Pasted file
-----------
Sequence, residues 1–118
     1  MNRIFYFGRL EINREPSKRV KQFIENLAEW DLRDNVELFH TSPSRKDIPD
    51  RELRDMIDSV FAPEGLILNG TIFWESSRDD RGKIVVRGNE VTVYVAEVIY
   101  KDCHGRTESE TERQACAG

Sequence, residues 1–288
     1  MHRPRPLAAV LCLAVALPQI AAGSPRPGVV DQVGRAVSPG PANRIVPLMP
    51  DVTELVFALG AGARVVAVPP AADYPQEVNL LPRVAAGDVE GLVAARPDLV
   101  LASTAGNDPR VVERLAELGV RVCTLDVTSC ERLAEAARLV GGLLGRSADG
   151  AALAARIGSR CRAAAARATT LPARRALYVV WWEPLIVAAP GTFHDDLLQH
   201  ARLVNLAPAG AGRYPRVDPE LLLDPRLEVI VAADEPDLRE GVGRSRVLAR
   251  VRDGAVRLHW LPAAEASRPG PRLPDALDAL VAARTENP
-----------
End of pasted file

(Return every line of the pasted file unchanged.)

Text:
Sequence, residues 1–118
     1  MNRIFYFGRL EINREPSKRV KQFIENLAEW DLRDNVELFH TSPSRKDIPD
    51  RELRDMIDSV FAPEGLILNG TIFWESSRDD RGKIVVRGNE VTVYVAEVIY
   101  KDCHGRTESE TERQACAG

Sequence, residues 1–288
     1  MHRPRPLAAV LCLAVALPQI AAGSPRPGVV DQVGRAVSPG PANRIVPLMP
    51  DVTELVFALG AGARVVAVPP AADYPQEVNL LPRVAAGDVE GLVAARPDLV
   101  LASTAGNDPR VVERLAELGV RVCTLDVTSC ERLAEAARLV GGLLGRSADG
   151  AALAARIGSR CRAAAARATT LPARRALYVV WWEPLIVAAP GTFHDDLLQH
   201  ARLVNLAPAG AGRYPRVDPE LLLDPRLEVI VAADEPDLRE GVGRSRVLAR
   251  VRDGAVRLHW LPAAEASRPG PRLPDALDAL VAARTENP